Focusing on the water situation one still observes the large quantities of water in our streets which are channelled towards the sea almost every time it rains. This happens notwithstanding laws which have been on the statute book for over 130 years which require water harvesting measures in every building. MEPA still issues compliance certificates relative to buildings which are not provided with a rainwater well however it shifts the blame onto MRA.

This week the Prime Minister inaugurated the sewage purification plant at Ta’ Barkat limits of  Xgħajra. It was a good step but it was only done in order to fulfil EU obligations and not out of an environmental conviction. Substantial financial resources were applied with the resulting purified waters being dumped directly into the sea as to date the government is still considering this water as having no economic value.”

Water has been mismanaged throughout the years and unfortunately the current government does not indicate any change of that direction.

Michael Briguglio, AD Chairperson, said that “AD therefore wishes to focus on this matter of concern on the 2011 World Environment Day. In line with the vision of sustainable development and ecological modernisation, we believe that the importance of water should be seen through the combination of environmental, social and economic dimensions.”

Jum Dinji ta’ l-ambjent: “Il-politika ambjentali tal-Gvern hi mfarrka” AD  

Fl-okkazzjoni tal-jum dinji ghall-ambjent, Alternattiva Demokratika qalet li dan il-jum għandu jservi ghal riflessjoni fuq dak li sar,  dak li kellu jsir u ma sarx, jew inkella sar biex wieħed jgħid li taparsi sar. Meta wieħed iżomm f’moħħu li l-ambjent suppost li hu wiehħed mit-tliet pilastri ta’ GonziPN u jagħti ħarsa ftit lura biex jara kif dan il-pilastu ħadem, isib li mhux talli kien hemm falliment sħiħ f’dan il-qasam, imma l-pilalstru ta’ GonziPN ixxaqqaq u qed jitfarrak ftit ftit.

Carmel Cacopardo, Kelliemi ta’ l-AD għall-Iżvilupp Sostenibbli u Gvern Lokali, qal li “l-ambjent għall-GonziPN sar qisu ballun politiku: ir-responsabbilta’ għalih tgħaddi minn Ministru għal għand ieħor. Illum ir-responsabiltajiet ambjentali huma  mifruxa bejn ħafna Ministeri b’mod li tiżdied id-diffikulta biex din titwettaq.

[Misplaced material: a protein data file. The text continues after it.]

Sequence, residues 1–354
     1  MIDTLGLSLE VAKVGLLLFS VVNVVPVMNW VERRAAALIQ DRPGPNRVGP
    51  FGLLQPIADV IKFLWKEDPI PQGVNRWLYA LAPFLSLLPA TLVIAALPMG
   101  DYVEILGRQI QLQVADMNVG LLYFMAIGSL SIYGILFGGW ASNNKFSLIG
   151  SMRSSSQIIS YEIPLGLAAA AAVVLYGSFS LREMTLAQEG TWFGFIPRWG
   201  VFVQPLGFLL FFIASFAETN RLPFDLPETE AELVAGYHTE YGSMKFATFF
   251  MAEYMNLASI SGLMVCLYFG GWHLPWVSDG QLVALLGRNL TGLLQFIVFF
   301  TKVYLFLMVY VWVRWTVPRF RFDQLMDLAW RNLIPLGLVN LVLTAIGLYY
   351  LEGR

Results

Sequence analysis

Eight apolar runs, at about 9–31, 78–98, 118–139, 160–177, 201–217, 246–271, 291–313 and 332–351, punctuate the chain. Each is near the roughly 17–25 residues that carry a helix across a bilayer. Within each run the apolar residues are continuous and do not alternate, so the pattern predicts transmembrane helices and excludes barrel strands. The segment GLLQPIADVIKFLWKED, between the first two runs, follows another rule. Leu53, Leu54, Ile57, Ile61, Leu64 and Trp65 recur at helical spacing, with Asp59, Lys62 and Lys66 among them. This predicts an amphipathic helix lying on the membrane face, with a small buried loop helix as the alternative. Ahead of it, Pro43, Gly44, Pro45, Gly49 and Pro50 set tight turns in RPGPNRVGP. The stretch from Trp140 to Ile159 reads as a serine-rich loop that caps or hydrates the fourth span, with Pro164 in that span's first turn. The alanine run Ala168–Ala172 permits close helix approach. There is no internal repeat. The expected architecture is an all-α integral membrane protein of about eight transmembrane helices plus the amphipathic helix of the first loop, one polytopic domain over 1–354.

Nieħdu is-sitwazzjoni tal-ilma. Volumi kbar ta’ ilma għadhom isibu ruħhom fit-triqat u jintremew fil-baħar wara kull ħalba xita. Dan minkejja liġijiet tal-pajjiż li ilhom magħna il-fuq minn 130 sena li jgħidu li kull binja irid ikollha bir biex fih jinħażen l-ilma tax-xita. Minkejja dan il-MEPA xorta għada toħroġ compliance certificate lil dawk li meta jibnu ma jkollhomx dan il-bir! Il-MEPA twaħħal fl-MRA.

Din il-gimgħa rajna l-ftuħ uffiċjali mill-Prim Ministru tal-impjant tat-tisfija tad-drenaġġ f’Ta’ Barkat limiti tax-Xgħajra.  Ħaġa tajba, għalkemm din saret biss minħabba l-obbligi tal-UE u mhux minħabba xi konvinzjoni. Ammont sostanzjali ta’ riżorsi finanzjarji ġew użati biex filwaqt li d-drenaġġ jissaffa l-ilma msoffi jintefa’ l-baħar, għax skond il-Gvern dan l-ilma m’għandux valur ekonomiku.

Tul is-snin l-ilma gie użat hażin u ma jidhirx li dan il-Gvern fi ħsiebu jibdel id-direzzjoni.

Michael Briguglio, Chairperson ta’ AD, qal li “għalhekk, Alternattiva Demokratika tħoss li għandha tiffoka fuq l-importanza ta’ l-ilma fl-okkazjoni ta’ Jum L-Ambjent 2011. Permezz tal-viżjoni favur żvilupp sostenibbli u modernizazzjoni ekologika, AD temmen li l-importanza ta’ l-ilma għandha titqies permezz tad-dimensjonijiet ambjentali, soċjali u ekonomiċi”.